This point was picked up after the hearings by an evidently frustrated Gallagher in interview (see: “It is a fact,” he said, “that things are appearing on our (military) ranges – they’re fouling our ranges, that’s why they’re called ‘range-foulers’. It presents a safety risk to our pilots. We have to figure out what the hell is going on and right now we’ve gotten no answers from the Pentagon.” He then, in the same interview, made an extraordinary plea (one that I happen to agree with) that the current quest for answers to the UAP question needed to be opened up beyond the military. “(We must) declassify as much as possible and invite the help of the private sector – it’s not just fringe people looking into this; there are multi, multi billionaires in the VC (venture capital) and private equity community who are fascinated by this question,” he said. Via such an approach, Gallagher went on to say, (a) answers would begin to materialise and (b) the Pentagon would be prevented from further obfuscation or shutting inquiry down.

This in itself is revelatory – but perhaps we shouldn’t be all that surprised.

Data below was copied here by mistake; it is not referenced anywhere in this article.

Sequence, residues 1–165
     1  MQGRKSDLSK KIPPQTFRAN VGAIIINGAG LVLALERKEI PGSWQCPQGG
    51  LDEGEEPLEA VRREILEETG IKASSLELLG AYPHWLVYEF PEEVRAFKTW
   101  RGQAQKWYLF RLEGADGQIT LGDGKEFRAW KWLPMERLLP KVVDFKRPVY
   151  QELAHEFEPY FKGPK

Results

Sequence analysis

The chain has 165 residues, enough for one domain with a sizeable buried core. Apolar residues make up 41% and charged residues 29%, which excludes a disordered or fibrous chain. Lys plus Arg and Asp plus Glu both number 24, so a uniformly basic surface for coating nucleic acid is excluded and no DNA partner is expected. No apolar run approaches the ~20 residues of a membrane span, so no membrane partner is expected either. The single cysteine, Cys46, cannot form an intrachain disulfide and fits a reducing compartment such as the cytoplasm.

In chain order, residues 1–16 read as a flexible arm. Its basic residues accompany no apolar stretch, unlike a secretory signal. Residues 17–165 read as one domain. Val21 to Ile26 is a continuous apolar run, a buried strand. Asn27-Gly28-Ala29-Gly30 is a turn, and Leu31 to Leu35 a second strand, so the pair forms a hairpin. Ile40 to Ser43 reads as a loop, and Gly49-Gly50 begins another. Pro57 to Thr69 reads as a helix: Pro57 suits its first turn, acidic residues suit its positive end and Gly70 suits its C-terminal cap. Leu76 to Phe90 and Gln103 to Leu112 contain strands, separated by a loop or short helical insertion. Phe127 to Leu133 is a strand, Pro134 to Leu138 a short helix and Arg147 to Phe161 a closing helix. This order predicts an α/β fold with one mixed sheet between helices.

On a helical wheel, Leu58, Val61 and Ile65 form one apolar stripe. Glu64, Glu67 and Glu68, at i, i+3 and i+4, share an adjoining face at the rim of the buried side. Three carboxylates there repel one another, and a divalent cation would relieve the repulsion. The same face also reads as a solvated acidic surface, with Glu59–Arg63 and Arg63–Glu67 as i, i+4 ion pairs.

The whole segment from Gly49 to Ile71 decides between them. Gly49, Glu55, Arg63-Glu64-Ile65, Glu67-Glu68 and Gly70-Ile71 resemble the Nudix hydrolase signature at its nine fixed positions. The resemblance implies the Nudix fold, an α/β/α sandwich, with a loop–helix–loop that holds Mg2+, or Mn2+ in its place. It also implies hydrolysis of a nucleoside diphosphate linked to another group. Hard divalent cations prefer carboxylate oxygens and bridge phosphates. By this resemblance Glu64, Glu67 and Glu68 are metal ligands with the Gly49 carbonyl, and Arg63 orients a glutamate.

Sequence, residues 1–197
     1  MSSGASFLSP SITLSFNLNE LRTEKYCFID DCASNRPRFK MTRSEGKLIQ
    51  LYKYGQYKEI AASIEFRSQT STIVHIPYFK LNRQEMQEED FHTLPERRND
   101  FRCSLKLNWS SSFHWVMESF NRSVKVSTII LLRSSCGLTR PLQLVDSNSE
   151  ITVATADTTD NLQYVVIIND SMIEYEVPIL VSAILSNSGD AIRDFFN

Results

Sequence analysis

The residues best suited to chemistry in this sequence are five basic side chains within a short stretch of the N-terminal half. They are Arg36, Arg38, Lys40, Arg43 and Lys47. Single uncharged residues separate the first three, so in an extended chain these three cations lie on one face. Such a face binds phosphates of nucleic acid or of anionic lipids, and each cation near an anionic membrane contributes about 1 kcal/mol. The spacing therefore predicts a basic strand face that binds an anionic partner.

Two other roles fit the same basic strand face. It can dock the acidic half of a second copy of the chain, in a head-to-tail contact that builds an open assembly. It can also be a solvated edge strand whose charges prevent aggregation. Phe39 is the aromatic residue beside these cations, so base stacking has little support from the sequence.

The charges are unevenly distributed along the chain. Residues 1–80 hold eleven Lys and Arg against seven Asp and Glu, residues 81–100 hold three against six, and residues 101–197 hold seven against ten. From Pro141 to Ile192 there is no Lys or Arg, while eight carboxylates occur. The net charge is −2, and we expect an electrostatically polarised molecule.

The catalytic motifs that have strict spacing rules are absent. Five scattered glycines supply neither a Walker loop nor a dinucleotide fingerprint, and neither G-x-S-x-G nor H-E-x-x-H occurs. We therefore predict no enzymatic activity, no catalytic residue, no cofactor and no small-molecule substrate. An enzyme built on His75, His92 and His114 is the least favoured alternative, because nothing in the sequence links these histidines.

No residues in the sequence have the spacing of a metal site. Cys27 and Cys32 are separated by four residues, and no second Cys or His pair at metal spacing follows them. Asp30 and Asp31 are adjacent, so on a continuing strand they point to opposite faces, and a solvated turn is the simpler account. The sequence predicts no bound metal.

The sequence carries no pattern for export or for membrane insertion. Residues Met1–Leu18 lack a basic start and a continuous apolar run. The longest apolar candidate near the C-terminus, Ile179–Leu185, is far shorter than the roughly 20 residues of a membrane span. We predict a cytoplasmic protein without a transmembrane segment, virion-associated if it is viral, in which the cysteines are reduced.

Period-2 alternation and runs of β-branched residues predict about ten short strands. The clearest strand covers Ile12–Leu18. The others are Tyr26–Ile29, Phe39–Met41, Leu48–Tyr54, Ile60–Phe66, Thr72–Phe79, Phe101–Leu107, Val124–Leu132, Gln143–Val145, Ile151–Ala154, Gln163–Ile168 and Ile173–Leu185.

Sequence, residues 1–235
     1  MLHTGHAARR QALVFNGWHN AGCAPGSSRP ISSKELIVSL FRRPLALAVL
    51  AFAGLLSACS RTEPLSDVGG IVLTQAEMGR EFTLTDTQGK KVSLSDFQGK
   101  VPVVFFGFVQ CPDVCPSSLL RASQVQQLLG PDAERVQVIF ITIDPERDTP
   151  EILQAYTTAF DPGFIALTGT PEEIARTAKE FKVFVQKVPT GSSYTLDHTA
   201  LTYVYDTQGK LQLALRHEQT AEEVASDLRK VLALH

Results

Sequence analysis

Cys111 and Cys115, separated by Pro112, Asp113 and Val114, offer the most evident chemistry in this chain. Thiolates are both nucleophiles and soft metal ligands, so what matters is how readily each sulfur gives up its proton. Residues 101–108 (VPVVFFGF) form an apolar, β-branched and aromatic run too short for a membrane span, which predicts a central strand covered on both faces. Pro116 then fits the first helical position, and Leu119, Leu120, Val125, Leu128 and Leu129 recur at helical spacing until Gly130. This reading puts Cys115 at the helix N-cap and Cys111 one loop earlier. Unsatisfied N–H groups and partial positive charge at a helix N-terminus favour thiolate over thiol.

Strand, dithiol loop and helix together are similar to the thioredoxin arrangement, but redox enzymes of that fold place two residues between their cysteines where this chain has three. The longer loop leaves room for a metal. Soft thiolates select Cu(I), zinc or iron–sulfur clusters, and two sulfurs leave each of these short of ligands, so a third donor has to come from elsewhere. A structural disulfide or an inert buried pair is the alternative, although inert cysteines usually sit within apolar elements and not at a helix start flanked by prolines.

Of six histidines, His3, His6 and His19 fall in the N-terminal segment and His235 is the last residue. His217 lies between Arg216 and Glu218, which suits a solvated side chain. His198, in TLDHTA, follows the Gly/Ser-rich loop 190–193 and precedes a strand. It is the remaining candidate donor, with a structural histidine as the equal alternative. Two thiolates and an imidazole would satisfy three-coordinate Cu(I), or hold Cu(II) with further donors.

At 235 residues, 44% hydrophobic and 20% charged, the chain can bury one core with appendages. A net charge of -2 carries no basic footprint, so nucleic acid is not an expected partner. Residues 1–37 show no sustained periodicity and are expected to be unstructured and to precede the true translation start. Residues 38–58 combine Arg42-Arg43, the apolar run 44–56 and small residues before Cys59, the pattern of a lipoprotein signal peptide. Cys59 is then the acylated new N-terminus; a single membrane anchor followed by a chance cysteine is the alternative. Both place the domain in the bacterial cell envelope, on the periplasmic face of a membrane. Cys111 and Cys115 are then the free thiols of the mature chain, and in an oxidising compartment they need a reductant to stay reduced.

The tech community is leading science in wanting to know about UAP/UFOs, in my opinion, for a very simple reason: what we learn about them is going to tell us a great deal more about the reality we inhabit than is currently known – a reality science doesn’t have answers to either for another simple reason: its refusal (as mainstream science, at least) to entertain the notion we may not live in a solidly material world after all, but one that is more squirrelly, and far more surprising. That the tech sector is prepared to go here tells us something else: it sees opportunity in this knowledge.

On the frontier of this new frontier – one that folds consciousness into the equation (and more than this: one that acknowledges consciousness, not matter, as primary) – there is very likely an explosion of new knowledge that is waiting to be discovered, as well as solutions, potentially, to swaths of conundrums science is currently stuck on (dark energy, dark matter, anyone?). When this knowledge is unlocked, then, truly, we will have entered not merely a new paradigm of science and technology – including multi-billion dollar (or trillion even) breakthroughs in communications, computing, energy and space travel – but, even more widely, of humanity itself.